Environment industries archive
Key departmental publications, e.g. annual reports, budget papers and program guidelines are available in our online archive.
Much of the material listed on these archived web pages has been superseded, or served a particular purpose at a particular time. It may contain references to activities or policies that have no current application. Many archived documents may link to web pages that have moved or no longer exist, or may refer to other documents that are no longer available.
Kodak (Australasia) Pty Ltd successfully implemented a cleaner production initiative in a building, which was used to fabricate plastic and metal products. The initiative raised illumination levels by 128 percent while lowering electricity use by 30 percent. The changes involved cost $21,350, had a direct payback period of 3.8 years, and substantially improved the working environment.
Kodak (Australasia) Pty Ltd manufactures and distributes photographic and multi-media products and services to markets throughout Australia, Asia and the Pacific.
The wholly-owned subsidiary of Eastman Kodak Company in the US, the Australian operation has headquarters in Melbourne and employs over 2,000 people across Australia. One of just twelve Kodak manufacturing plants worldwide, the company is Australia's sole producer of film and paper for the photographic industry.
Almost 80 percent of production is exported each year, primarily to Asian and Pacific rim countries. During the decade of the 1990's, Kodak exported $3 billion worth of Australian-made product to South East Asia, making it one of the country's top exporters of high-technology goods.
Kodak Australasia fabricated plastic and metal products in a building which had a three metre high ceiling, was originally lit by fluorescents, and in which lighting levels were half those required to properly carry out the fabrications. The old light fittings were causing maintenance problems with leaking capacitors and a high failure rate of control gear.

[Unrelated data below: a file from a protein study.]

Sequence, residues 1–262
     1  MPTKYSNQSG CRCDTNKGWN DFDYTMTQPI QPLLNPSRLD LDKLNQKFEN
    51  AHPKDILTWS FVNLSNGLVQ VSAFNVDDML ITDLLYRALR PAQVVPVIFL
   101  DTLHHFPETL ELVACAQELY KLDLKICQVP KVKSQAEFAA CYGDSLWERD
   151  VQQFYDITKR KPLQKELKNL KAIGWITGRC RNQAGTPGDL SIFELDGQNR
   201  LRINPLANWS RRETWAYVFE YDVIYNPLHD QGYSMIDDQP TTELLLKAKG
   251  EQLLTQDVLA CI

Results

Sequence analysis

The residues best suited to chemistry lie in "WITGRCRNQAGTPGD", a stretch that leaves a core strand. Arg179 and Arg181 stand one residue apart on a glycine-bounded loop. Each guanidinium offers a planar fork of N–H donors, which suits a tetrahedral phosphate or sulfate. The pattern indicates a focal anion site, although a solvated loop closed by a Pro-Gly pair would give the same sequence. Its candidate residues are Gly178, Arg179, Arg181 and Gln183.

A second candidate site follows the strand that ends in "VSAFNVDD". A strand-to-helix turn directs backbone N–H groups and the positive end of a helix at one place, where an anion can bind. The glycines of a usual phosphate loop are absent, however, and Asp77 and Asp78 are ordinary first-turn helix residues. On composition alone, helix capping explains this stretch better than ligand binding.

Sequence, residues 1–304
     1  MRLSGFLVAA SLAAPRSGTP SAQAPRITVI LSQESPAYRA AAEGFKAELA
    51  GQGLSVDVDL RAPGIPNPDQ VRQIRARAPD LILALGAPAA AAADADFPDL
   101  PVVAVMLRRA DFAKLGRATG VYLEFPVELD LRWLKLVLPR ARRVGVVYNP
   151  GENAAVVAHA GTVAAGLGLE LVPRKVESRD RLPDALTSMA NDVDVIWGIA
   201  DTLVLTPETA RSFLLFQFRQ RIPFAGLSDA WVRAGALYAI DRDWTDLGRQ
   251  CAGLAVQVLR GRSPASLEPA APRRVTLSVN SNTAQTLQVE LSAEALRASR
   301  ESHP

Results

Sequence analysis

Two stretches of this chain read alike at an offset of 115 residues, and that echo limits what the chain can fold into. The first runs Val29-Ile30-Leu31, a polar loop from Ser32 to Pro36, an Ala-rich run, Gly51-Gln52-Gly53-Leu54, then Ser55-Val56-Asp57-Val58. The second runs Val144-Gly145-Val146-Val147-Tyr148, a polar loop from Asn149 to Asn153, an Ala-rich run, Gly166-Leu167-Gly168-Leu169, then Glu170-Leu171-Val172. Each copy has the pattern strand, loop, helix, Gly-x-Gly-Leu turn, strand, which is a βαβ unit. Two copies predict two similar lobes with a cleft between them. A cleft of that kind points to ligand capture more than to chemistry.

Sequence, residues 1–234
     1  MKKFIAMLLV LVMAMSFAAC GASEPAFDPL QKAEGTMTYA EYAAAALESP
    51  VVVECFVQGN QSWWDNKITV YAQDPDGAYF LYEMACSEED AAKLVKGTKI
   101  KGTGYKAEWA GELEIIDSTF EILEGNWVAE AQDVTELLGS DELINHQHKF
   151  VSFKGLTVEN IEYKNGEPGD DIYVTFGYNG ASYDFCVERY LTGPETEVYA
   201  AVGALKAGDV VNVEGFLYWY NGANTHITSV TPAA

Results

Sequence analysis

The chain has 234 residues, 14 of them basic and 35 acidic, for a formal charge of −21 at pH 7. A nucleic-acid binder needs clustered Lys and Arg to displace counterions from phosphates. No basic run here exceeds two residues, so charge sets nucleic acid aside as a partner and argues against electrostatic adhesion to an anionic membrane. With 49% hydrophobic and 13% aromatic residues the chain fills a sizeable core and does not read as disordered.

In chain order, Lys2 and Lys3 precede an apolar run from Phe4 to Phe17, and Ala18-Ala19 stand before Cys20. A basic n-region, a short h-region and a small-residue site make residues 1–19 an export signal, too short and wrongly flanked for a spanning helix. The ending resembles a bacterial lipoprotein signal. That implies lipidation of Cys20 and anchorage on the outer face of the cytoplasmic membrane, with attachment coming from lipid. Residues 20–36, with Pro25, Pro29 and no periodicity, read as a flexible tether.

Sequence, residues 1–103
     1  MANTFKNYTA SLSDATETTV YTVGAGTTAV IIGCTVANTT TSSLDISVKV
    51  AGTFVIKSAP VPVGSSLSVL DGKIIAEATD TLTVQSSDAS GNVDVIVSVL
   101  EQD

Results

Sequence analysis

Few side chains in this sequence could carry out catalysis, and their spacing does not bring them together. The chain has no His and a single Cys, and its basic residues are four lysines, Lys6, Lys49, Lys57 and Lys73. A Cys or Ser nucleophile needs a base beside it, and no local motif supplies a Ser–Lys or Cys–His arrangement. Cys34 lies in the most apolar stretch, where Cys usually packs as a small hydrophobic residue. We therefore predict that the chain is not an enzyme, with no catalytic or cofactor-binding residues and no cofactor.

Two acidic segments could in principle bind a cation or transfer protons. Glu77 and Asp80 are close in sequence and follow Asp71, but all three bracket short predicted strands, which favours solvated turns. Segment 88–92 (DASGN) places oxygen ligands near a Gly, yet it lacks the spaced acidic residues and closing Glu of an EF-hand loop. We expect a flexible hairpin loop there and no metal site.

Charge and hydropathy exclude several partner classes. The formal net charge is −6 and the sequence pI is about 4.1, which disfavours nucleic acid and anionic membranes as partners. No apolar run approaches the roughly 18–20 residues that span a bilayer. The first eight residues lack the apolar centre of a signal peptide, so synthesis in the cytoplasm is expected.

Kodak was able to transform lighting conditions in the building by implementing recommendations made by consultants aimed at rationalising and refurbishing existing fittings.
To achieve better lighting at lower cost, Kodak replaced the existing control gear with low-loss ballasts and new capacitors, and with electronic ballasts in many of the fittings. Reflectors were cleaned and replaced. Tri-phosphor lamps were used to replace fluorescents.
Because of its concern about the environmental impact of disposing of over 800 lamps, Kodak collected all the old fluorescent lamps and disposed of them in a lamp recycling machine, which recovers glass, metal and mercury for reuse.
The new tri-phosphor lamps put out more light, produce better colour and last longer than conventional fluorescents. By keeping the 400 existing fittings, costs were reduced.
As a result of the changes, illumination levels were raised by 128 percent, and electricity use was lowered 30 percent (equivalent to a reduction of COČ emissions of 29.3 tonnes). The changes involved cost $21,350, had a direct payback period of 3.8 years, and substantially improved the working environment.
The cost savings more than justified the lighting upgrade. Due to the success of the project, Kodak immediately made similar changes to the building's basement warehouse.
Poor lighting levels were hindering fabrication operations and old light fittings were causing serious maintenance problems.
No barriers were experienced in implementing the recommendations made by the consultants.
The building in which the lighting initiative was first implemented has since been demolished, although the upgraded lighting system has been saved to potentially be reinstalled in their current metal products fabrication area.
A comprehensive environmental management system has been developed at the manufacturing plant in Coburg, driven corporately towards continuous improvement. ISO 14001 accreditation was achieved in 1999.
Health, Safety and Environment Group
Kodak (Australasia) Pty Ltd
PO Box 90
Coburg VIC 3058
Ph: (03) 9353 3247
Fax: (03) 9353 3258
Casestudy implementation: 1997
Casestudy initially prepared: May 1998 by the Environment Management Association of Australia (EMIAA)
Last modified: May 2001